Stephen Baxter is undoubtedly the best science fiction author in Britain. His intricately plotted science-rich books provoke fascination and awe with apparent ease. This book of short stories is based on the Xeelee Sequence, which comprises the novels 'Raft', 'Timelike Infinity', 'Flux' and 'Ring'. These extra stories make his fictional universe much richer and more detailed. However, if you have not read the Xeelee Sequence, it's likely that you will find many of the stories confusing. Highly recommended.
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on 29 May 2001
The final(?) book in the Xeelee Sequence, answers many of the questions posed except the biggest. The final machinations of the ultimate enemy of the universe, the photino 'birds'. This often disturbing image as the univese is slowly destroyed for all life except dark matter life is depressing in that even the godlike xeelee have run away. There is hope though as the final humans left in the universe escape through the xeelee rip in space into another universe and the last act of the sentient xeelee ship left to guide them is to create the begginings of a new universe for the humans.
A brilliant finish to a masterful series that transcends time and space. Every book in the sequence I have read in one sitting. If you only ever read two series of Sci-Fi this has to be one of them (the other woudl be the Mars trology by Kim Stanley Robbinson). If this book doesn't make you question the natuer of the Universe and existence in other planes then you havn't been reading it.
Buy this and read.
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on 10 June 2014
I am reading this through now, very good interesting and thought provoking stories. I like it and look forward to reading his Xeelee omnibus.
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on 1 June 2011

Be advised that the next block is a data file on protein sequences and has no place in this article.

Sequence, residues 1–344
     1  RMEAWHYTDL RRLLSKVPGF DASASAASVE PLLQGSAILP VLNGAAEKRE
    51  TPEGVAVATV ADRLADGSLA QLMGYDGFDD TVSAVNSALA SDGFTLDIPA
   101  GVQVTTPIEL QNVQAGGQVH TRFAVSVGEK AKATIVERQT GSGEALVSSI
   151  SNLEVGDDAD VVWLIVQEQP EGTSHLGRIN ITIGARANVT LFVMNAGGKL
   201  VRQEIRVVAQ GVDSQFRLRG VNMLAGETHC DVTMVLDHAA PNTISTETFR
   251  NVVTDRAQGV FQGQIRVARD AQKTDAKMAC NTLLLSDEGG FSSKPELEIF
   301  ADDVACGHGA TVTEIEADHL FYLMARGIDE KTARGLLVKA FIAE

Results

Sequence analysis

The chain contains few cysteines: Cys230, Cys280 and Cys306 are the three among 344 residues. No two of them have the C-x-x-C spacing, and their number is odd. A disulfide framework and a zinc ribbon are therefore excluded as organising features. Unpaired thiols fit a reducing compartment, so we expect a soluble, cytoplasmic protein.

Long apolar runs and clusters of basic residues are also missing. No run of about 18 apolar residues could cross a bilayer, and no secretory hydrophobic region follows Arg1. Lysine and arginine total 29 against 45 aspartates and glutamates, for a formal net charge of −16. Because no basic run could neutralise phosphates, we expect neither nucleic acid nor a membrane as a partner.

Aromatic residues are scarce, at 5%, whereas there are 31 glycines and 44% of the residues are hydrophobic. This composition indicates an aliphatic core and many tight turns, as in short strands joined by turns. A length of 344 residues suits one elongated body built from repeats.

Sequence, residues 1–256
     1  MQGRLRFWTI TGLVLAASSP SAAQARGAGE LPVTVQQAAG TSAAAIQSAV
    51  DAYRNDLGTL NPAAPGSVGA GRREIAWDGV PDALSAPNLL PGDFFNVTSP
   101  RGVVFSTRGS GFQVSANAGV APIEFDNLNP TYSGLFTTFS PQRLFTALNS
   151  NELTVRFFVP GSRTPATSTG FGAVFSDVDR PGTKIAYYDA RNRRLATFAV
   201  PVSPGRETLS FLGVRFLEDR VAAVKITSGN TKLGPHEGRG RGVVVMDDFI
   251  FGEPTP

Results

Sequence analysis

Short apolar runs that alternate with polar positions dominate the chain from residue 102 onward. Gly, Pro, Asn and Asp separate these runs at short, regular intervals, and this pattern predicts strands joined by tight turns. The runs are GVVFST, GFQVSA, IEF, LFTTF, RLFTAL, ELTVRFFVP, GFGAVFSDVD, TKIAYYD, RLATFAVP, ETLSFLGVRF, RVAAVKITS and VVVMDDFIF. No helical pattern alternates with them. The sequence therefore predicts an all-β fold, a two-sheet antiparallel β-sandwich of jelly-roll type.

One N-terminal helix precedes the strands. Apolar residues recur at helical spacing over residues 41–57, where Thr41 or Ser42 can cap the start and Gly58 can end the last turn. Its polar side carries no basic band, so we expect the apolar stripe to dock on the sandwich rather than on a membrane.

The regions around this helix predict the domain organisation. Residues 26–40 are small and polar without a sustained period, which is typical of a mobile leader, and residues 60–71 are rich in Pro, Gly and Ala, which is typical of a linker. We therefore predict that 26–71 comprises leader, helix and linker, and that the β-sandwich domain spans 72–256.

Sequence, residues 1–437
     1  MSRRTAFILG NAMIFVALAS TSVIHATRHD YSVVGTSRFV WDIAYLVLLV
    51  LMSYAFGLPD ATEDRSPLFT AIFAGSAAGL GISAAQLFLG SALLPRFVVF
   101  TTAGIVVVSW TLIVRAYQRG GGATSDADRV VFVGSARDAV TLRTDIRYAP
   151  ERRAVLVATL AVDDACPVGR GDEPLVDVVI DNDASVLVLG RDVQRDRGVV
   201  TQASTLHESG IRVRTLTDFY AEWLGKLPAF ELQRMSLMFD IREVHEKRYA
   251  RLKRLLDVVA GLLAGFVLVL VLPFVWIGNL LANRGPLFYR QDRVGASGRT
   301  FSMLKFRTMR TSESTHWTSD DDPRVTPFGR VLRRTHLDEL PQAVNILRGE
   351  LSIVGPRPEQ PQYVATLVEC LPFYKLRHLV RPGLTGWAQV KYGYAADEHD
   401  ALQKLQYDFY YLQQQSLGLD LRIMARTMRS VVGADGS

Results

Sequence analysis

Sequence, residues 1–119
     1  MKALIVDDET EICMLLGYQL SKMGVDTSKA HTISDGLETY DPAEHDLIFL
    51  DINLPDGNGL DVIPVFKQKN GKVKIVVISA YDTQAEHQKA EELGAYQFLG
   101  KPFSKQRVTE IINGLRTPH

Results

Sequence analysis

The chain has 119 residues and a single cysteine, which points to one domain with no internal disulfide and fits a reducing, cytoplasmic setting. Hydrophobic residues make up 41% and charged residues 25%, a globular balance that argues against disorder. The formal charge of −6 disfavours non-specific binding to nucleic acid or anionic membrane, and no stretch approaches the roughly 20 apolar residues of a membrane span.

A year ago I reviewed First and Last Men, by Olaf Stapledon and was not particularly complimentary about it. This book is similar in concept. Baxter himself calls Stapledon's dreadful book "science fiction's greatest ascent", so it's not particularly surprising that he decided to emulate it and write something similarly epic. However, he does a rather better job. Baxter has written a few novels in his "Xeelee Sequence" series, and this is a collection of short stories in the same universe. They are framed by an overarching short meta-story, and are presented in a sequence spanning several million years, during which we see humanity in many different forms, some evolved, some engineered, but all still mentally and emotionally human. Stapledon's book barely has individual characters at all, but just about all of Baxter's stories concentrate on an individual or a handful of people. As a result, we don't learn so much about the history of his universe, but we can at least connect with those living in it. However, although the characters are clearly people (unlike Stapledon's which are mere shadows projected onto a screen) we don't feel for them, and they could do with more development, even within the confines of short stories.

My other criticism is that there's perhaps just a little bit too much time spent "explaining" the various technologies. This will be offputting for those unfamiliar with modern science, who won't understand, and I'm sure it will date very badly.

On the whole, I think I recommend this book, at least for those who are into "hard science fiction".
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on 12 November 2010
Great book. Although a little hard reading at some points, a wonderful collection of imaginative and mind bending ideias. Excellent!
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on 16 September 2012
Awesome. Read it. Then buy Snyder's Swamp Thing. The Red is waiting, the Green is struggling and the Rot is coming.